| MOSCOW, March 16
MOSCOW, March 16 Russia's Economy Ministry has
proposed to cut the value-added tax to 12 to 13 percent from
the current 18 percent from 2009 as a measure to boost growth
in non-energy sectors of the economy, a document showed on
The proposal comes after both outgoing President Vladimir
Putin and President-elect Dmitry Medvedev took the side of the
industrial lobby in a tax debate that dragged on for years
despite strong opposition from Finance Minister Alexei Kudrin.
"The main positive effect (of the tax cut) will be the
change of the quality of economic growth - investment will go
to sectors with high added value," the ministry said in a
letter to Kudrin, who oversees Russian economic policies.
The VAT tax brings about one third of Russia's budget
revenues and Kudrin argues the cut would badly affect the
budget. Critics say the tax is difficult to collect due to
bureaucracy while some of Russia's record budget surplus can be
used to support growth.
The letter comes amid a chorus of tax break proposals,
which include an idea from the financial market watchdog to
scrap taxes on securities transactions as well as proposals by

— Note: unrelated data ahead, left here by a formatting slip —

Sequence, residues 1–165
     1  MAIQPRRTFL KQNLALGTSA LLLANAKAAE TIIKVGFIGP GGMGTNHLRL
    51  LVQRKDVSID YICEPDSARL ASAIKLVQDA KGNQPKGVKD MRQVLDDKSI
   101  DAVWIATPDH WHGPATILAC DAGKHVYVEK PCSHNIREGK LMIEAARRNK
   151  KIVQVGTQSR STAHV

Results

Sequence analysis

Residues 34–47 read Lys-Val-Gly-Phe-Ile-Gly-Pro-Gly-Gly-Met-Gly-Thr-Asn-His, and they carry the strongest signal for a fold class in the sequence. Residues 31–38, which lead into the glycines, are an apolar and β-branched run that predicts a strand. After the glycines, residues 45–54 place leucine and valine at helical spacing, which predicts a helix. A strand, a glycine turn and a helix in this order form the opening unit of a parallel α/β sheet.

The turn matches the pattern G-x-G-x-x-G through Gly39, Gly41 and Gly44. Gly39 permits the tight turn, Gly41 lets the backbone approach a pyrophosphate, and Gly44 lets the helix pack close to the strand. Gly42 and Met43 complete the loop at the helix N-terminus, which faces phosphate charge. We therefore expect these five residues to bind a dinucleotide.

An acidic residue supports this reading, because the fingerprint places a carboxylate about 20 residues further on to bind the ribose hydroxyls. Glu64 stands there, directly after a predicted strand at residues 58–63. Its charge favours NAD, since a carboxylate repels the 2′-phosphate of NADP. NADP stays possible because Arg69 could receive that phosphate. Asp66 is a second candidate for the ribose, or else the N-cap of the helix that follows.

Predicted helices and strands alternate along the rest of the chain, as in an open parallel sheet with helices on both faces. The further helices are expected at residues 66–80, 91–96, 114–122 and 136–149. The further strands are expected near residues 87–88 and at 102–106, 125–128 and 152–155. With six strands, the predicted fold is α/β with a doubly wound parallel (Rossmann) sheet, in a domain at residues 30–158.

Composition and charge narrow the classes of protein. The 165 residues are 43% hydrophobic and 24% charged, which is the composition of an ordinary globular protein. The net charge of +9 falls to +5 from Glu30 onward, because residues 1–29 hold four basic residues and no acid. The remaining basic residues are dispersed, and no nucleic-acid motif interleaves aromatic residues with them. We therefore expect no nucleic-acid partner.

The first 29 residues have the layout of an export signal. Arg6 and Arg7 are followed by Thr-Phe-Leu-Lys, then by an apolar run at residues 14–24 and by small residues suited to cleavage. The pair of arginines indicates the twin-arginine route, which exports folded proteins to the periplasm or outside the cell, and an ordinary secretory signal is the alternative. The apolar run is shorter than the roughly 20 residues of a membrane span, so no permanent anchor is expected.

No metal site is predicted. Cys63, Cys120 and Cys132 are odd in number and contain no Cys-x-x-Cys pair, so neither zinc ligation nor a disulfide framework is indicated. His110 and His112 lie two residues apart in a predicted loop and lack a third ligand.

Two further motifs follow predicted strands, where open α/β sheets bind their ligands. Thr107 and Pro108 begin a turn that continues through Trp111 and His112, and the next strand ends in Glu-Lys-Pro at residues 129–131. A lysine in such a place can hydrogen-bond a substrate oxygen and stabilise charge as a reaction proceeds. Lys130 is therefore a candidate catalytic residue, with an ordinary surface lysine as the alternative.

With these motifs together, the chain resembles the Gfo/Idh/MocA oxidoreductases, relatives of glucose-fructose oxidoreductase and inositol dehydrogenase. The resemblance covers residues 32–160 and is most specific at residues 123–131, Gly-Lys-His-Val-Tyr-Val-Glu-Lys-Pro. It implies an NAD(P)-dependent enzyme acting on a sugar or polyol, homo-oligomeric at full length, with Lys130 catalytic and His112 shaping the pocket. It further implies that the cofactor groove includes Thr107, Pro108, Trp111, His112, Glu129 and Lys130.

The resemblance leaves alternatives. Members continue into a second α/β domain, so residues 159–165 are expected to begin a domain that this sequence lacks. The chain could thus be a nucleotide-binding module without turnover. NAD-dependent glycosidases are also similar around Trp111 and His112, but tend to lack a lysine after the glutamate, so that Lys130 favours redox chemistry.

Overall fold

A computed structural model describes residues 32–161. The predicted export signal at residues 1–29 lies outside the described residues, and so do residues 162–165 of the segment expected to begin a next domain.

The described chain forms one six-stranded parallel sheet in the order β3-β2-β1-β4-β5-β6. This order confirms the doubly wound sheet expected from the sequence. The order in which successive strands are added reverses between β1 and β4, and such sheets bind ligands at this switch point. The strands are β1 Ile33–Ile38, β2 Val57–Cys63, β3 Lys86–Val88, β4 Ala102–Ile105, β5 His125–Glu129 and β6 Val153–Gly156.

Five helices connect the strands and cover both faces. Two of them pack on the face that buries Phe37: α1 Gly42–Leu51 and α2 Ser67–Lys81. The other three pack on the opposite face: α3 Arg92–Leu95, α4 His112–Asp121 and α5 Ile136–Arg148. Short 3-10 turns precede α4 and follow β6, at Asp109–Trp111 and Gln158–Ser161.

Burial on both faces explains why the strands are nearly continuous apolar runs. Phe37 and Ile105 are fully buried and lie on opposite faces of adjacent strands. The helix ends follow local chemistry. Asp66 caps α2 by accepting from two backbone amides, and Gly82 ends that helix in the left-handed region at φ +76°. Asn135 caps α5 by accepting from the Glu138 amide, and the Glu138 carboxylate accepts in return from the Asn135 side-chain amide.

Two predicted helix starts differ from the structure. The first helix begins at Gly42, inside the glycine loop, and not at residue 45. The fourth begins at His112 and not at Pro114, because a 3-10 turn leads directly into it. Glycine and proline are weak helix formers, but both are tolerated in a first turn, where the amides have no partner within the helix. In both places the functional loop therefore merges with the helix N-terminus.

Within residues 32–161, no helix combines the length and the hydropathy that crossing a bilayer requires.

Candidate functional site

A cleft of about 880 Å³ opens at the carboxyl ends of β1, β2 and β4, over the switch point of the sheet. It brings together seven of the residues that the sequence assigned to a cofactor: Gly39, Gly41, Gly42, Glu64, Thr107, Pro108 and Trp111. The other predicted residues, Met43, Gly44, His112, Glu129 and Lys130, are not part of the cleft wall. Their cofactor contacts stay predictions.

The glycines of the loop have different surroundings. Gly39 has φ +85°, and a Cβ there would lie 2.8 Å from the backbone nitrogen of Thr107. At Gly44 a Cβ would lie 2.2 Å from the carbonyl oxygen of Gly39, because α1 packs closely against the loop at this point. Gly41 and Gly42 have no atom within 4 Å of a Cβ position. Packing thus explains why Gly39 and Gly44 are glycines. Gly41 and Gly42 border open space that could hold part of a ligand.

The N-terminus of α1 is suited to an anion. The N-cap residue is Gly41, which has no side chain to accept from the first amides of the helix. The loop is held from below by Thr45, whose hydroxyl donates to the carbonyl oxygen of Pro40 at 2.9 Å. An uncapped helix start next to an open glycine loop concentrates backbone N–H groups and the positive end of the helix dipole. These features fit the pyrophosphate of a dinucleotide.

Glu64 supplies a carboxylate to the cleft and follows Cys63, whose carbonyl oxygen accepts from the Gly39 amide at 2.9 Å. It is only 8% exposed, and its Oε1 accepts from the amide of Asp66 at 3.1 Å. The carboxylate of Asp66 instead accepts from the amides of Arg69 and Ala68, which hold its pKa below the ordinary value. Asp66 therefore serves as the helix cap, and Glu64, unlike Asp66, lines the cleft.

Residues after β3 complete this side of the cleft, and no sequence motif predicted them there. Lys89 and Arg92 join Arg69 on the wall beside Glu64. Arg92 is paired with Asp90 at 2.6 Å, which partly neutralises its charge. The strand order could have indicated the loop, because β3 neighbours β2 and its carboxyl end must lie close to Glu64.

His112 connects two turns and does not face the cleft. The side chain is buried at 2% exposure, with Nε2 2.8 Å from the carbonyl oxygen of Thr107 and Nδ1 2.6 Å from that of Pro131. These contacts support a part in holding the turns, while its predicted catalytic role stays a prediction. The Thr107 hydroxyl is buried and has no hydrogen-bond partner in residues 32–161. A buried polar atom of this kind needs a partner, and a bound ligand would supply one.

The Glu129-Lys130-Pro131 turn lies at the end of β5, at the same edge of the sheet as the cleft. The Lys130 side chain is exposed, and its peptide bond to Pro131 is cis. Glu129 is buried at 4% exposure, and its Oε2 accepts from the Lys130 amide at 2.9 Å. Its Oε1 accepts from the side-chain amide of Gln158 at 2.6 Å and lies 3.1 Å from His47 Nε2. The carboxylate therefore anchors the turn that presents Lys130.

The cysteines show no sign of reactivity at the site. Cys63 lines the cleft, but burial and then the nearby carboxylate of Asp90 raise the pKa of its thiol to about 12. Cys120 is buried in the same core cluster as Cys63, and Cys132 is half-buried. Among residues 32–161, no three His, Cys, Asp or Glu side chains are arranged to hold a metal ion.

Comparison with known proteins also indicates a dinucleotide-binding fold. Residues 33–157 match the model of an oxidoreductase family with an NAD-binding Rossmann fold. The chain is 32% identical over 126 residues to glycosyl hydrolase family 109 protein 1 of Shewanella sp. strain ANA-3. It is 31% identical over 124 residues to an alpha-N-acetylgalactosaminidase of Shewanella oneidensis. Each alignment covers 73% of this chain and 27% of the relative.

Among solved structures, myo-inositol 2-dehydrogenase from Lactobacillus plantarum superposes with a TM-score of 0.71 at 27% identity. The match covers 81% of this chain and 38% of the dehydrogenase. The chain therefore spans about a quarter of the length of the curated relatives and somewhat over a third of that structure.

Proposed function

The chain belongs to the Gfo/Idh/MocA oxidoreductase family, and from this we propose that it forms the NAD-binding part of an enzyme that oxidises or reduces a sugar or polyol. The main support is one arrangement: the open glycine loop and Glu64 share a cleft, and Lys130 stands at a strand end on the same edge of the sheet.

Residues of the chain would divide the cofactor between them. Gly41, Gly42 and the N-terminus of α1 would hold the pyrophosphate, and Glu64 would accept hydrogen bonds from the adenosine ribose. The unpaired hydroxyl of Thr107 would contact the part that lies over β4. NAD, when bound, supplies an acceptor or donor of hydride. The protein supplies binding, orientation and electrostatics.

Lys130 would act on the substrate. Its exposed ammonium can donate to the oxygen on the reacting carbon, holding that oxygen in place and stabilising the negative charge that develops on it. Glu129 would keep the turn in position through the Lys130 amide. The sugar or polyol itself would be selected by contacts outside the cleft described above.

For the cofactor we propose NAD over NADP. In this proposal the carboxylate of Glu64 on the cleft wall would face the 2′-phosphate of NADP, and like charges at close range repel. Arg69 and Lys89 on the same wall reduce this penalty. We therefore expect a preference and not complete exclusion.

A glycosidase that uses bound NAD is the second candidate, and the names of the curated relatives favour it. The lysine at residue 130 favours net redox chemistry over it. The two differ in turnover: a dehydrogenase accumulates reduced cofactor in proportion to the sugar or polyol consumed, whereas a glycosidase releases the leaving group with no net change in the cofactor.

state oil major Rosneft (ROSN.MM) to ease the tax burden on the
oil sector to spur development of new fields.
The letter also proposes to abolish a preferential 10
percent VAT tax rate for socially important goods such as food
staples and to increase export and excise duties on heavy oil
products to encourage production of lighter products, such as
gasoline and diesel.
The ministry said the measures will boost economic growth
by 0.6-0.7 percentage points within two years and cut budget
revenues by one percent of the GDP.
It also said a lower VAT rate would help curb a widespread
usage of tax evasion schemes.
Other measures include tax breaks for expenses on research
and development, voluntary medical insurance, corporate
contributions to voluntary pension saving schemes and interest
payment on mortgages.
The letter also suggests scrapping a 24 percent corporate
profit tax for transactions involving stakes of over 10 percent
in Russian firms as well as their dividends to encourage firms
with offshore ownership to make such deals in Russia.
Russia enjoyed a record economic growth of 8.1 percent in
2007 despite a stagnant oil industry, whose lobbyists complain
about an excessive tax burden.
Some economists and officials, including the central bank's
monetary policy chief Alexei Ulyukayev, see signs of
Kudrin has managed to successfully defend the budget and
the oil fund where Russia piles up its windfall revenues for
years but yielded to pressure last year ahead of the
parliamentary and presidential elections, agreeing to raise
pensions and wages.
The pressure on fiscal hawk Kudrin, seen by many investors
as the architect of Russia's macroeconomic stability, has
intensified further in recent weeks raising questions about his
future in the new government, which Putin will form as prime
minister after he steps down as President in May.
(Reporting by Darya Korsunskaya, writing by Gleb Bryanski;
Editing by Tim Dobbyn)